Head injury
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Head Injury. Saurabh Sinha Department of Clinical Neurosciences Western General Hospital. Age Groups. Mechanisms of Injury. What now?. Resuscitation. Aairway with cervical spine control Bbreathing Ccirculation. Traumatic Brain Injury. Immediate impact injury

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Head Injury

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Head Injury

Saurabh Sinha

Department of Clinical Neurosciences

Western General Hospital


Age Groups


Mechanisms of Injury


What now?


Resuscitation

  • Aairway with cervical spine control

  • Bbreathing

  • Ccirculation


Traumatic Brain Injury

Immediate impact injury

  • Contusions and lacerations

  • Diffuse damage to white matter

  • Other types of diffuse brain injury

    Primary complications

  • Intracranial haemorrhage

  • Brain swelling

    Secondary complications

  • Brain damage secondary to raised ICP

  • Hypoxic brain damage

  • Infection


Aims

  • Prevent secondary brain injury

  • Rapid transfer to hospital


Brain Herniation


Uncal Herniation


Midbrain Infraction


Cerebral Physiology

  • Intracranial pressure (ICP) 0-10 mmHg

  • Cerebral perfusion pressure (CPP) >60 mmHg

  • Obligative aerobic glycolysis

  • Cerebral blood flow (CBF) maitained by autoregulation


Severe Head Injury

  • Raised ICP

  • Reduced CPP

  • Loss of autoregulation

  • Neuroexcitotoxicity


Raised ICP

  • Seizures

  • Brain swelling

  • Vasogenic oedema

  • Intracranial haematoma

  • Hypercarbia

  • Hypoxia


Neurological Assessment

  • Level of consciousness (GCS)

  • Pupillary reaction to light

  • Limb movements

  • History


Complicating Factors

  • Alcohol

  • Drugs

  • Epilepsy

  • Stroke

  • Cervical spine injury


Eye (1-4)

open spontaneously

open to speech

open to pain

no opening

Motor (1-6)

obeys commands

localises to pain

normal flexion

abnormal flexion

extension

no movement

Verbal (1-5)

orientated

confused

inappropriate words

incomprehensible sounds

none

GCS 3-15

Best score using upper limbs

Special cases

dysphasia

periorbital oedema

endotracheal tube/tracheostomy

The Glasgow Coma Scale and Score


Definition of Coma

  • GCS 8 or less

  • No eye opening

  • Does not speak

  • Does not obey commands


Dilated Pupil


Signs

  • Penetrating Injury

  • Scalp laceration or haematoma

  • Periorbital haematoma

  • Blood or CSF from nose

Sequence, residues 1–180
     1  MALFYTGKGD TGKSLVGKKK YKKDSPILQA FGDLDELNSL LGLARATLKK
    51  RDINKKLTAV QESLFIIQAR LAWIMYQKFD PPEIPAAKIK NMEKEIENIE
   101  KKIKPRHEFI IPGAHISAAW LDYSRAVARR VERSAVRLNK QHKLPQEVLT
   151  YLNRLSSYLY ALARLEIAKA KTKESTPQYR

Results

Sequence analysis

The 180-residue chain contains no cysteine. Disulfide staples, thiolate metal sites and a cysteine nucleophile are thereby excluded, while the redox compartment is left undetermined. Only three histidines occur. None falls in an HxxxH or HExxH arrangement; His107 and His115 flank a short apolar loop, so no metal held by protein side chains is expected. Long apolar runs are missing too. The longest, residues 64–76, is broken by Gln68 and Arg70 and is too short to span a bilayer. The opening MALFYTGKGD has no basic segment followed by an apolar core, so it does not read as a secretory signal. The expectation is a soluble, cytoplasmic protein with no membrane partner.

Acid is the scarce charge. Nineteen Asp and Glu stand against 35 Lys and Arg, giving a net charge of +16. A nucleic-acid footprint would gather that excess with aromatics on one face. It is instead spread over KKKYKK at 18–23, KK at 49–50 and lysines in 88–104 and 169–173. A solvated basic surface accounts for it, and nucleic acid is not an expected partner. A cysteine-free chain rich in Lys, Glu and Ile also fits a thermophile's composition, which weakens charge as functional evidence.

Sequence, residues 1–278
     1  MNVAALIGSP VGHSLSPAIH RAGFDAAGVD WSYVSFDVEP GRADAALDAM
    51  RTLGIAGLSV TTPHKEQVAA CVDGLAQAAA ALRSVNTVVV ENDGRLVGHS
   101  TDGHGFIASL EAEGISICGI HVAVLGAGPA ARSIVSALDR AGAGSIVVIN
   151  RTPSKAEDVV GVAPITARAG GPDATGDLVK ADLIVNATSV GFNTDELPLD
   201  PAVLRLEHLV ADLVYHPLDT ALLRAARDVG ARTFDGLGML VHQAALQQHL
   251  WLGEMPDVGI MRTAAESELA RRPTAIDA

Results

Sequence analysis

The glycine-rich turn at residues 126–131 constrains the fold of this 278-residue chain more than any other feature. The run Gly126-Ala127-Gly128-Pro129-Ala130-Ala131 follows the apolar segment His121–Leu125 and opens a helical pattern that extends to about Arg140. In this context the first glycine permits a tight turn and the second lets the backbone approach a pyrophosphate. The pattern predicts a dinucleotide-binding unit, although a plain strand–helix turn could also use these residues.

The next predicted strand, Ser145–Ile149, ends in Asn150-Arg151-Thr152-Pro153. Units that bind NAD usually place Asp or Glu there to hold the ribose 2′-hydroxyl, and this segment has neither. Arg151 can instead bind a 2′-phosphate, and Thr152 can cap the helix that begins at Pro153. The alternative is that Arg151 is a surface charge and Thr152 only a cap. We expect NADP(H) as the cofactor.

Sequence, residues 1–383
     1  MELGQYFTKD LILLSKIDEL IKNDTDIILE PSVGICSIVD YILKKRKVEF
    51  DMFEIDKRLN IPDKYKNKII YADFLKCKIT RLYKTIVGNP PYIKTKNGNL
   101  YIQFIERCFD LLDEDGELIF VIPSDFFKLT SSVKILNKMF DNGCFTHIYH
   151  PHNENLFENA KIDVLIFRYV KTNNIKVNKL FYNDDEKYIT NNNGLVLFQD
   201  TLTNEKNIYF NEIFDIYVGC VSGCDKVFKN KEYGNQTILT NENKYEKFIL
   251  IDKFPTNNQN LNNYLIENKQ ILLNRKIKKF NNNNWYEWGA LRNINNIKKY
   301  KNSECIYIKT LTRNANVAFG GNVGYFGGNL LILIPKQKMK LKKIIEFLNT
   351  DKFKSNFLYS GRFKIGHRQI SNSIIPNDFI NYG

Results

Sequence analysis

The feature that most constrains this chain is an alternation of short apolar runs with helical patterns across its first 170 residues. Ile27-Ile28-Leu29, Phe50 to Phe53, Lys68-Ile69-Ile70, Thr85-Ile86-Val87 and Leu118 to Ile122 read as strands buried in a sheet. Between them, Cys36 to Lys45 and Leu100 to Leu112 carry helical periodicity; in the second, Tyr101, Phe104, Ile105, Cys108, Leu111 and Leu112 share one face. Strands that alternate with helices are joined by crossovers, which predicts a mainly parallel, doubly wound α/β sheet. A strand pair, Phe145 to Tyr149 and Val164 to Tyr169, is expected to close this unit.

• Blood or CSF from ear

  • Battle’s sign

  • Cranial Nerve (eye movements, facial weakness)


Subconjunctival Haemorrhage


Panda Eyes


Battle’s Sign


Indications for skull X-ray

  • Orientated Patients

    • History of LOC/amnesia

    • Suspected penetrating injury (?CT)

    • CSF/Blood from ear/nose

    • Scalp laceration (to bone or >5cm), bruise or swelling

    • Persistent headache or vomiting

    • Children

      • Fall from significant height

      • Onto hard surface

      • Tense fontanelle

      • Suspected NAI

  • Patients with impaired consciousness or neurological signs

    • All patients unless CT or neurosurgical transfer arranged


Skull Fracture


Depressed Skull Fracture


Aerocoele


Penetrating Injury


Risk of operable intracranial haematoma in head injured patients

  • GCS 15 (1:3615)1 in 31300

    • With PTA1 in 6700

    • Skull fracture1 in 81

    • Skull fracture & PTA1 in 29

  • GCS 9-14 (1:51)1 in 180

    • Skull fracture1 in 5

  • GCS 3-8 (1:7)1 in 27

    • Skull fracture1 in 4


Indication for urgent CT/NS referral

  • Coma persisting after resuscitation

  • Deteriorating conscious level or progressive neurological signs

  • Skull fracture & confusion/seizure/neuro symptoms or signs

  • Open injury: compound depressed #, gunshot or penetrating injury


Haematoma


Contusion


Multiple Contusions


Extradural Haematoma


Subdural Haematoma


Chronic Subdural Haematoma


Diffuse Axonal Injury


Extradural Haematoma


Skin Preparation


Craniotomy Mark


Opening


Dura


Subdural Haematoma


Subdural Collection


Haemostasis


Monitoring


ICP Monitoring


GCS Chart


Outcome at 1 year


Outcome wrt Haematoma


Recovery


Use of Helmets


Head Injury Management


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